So fast forward a little to college and you have me riding high on high school and everything positive within. I was devoted and fastidious in my studies and even gave a try toward jumping into an advanced Latin course for a Classics major that eventually didn't pan out.


And I met a girl. I met a girl (her terminology) that, in retrospect, I should have listened when everyone said that she was toxic to me.

Around the time when I was first actually away from home I "discovered" that I was kinky. It was just something personal and private before, but this girl I met was equally so and our budding relationship became a monster. See, she was (is) quite submissive and rather domestically inclined.


To make a long story short, we dated and I ended up as the dominant, masculine partner and everything was great... until it wasn't. My drinking-as-a-fucking-problem really started around then and what she wanted and I was able to give wasn't in line. I tried and tried and got drunker and drunker. I wish I could rewind and just choose a few different choices for that time. In the long run we tried to make it work but it didn't. I wasn't who she wanted and she wasn't who I wanted.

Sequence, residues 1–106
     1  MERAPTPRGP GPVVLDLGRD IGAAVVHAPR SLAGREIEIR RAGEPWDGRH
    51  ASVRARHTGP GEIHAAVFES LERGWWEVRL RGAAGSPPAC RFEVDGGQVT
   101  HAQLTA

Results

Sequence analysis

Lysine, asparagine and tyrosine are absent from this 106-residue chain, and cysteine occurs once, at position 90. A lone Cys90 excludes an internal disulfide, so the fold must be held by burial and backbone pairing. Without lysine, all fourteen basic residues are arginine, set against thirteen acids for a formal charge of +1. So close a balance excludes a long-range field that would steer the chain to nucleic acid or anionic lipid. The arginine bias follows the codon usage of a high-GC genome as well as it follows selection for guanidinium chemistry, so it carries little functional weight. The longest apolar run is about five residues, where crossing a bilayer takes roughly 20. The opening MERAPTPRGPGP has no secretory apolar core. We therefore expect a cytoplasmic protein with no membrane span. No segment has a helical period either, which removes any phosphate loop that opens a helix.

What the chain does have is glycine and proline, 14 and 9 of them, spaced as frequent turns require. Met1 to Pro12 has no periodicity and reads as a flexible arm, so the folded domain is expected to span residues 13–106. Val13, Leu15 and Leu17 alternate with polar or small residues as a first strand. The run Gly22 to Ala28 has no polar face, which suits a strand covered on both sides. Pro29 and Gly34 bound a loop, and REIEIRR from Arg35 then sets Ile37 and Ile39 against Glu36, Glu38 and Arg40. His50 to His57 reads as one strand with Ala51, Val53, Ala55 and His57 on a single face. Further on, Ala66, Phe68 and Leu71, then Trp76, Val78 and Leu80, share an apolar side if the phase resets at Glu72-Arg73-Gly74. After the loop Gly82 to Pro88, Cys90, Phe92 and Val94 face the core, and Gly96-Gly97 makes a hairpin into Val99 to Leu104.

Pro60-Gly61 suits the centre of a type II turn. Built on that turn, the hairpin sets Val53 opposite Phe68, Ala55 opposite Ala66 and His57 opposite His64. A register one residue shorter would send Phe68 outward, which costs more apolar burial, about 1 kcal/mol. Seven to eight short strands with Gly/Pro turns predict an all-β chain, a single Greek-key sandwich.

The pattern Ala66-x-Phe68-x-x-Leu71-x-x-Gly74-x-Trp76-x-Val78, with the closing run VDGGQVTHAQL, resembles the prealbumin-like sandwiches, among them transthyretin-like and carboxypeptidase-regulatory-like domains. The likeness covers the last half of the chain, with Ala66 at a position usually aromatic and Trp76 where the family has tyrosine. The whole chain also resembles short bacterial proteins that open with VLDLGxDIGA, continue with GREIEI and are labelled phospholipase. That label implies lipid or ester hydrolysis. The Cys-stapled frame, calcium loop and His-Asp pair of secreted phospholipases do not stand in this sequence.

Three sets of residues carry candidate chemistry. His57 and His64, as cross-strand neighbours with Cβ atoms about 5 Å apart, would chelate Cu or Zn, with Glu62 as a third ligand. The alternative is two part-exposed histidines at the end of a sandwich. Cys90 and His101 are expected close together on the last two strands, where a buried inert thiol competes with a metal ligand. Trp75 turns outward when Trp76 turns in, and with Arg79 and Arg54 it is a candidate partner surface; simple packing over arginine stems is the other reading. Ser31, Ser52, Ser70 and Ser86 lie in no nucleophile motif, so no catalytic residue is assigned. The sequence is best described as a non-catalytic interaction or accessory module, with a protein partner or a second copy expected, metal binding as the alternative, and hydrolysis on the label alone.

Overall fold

But I was already sucked into the neverending hole of alcohol abuse. As an aside, I'm so jealous of anyone who goes through life without worrying about such.


And, now I'm here:


Because my relationship with gender is more confusing than ever. If there had been actual coverage and attention given to transwomen earlier in my life, it may have opened a few shortcuts. But the whole idea of transition was pretty much non-existent when I was a younger person. Seeing trans individuals is something we take for granted, even at this early stage. Just a decade ago no one would ever actually talk about transitions or gender at all. And if they did you could be sure there was a target painted on your head somewhere.

And I come out the other side at 29 years-old and deeply feeling that I'm a woman but carrying baggage from years and years of... baggage accumulation.


But It's so immensely life-changing that I don't want to hand in my cis-normativity at all. I hope that's understandable. I can be me with my awesome partner with whom I am pretty much femme all the time at home and even at times outside the home. I want her to get that job she's after so I can do things like work part-time and sit on my non-profit boards and not worry about anything other than making her happy.

And I'm also desiring a non-competition job. I just want to care for the kids and cook meals and be sexy. That's a job and a half there that I'm enthusiastic about.


I'm uncertain the point, and I think I got to the place where I should have a point already. I cling to my "man" presentation because it's comfortable and doesn't cause an issue. I desperately want to explore the "woman" side of me, but it's difficult.

I'm going to end this here because I'm not certain what else to say.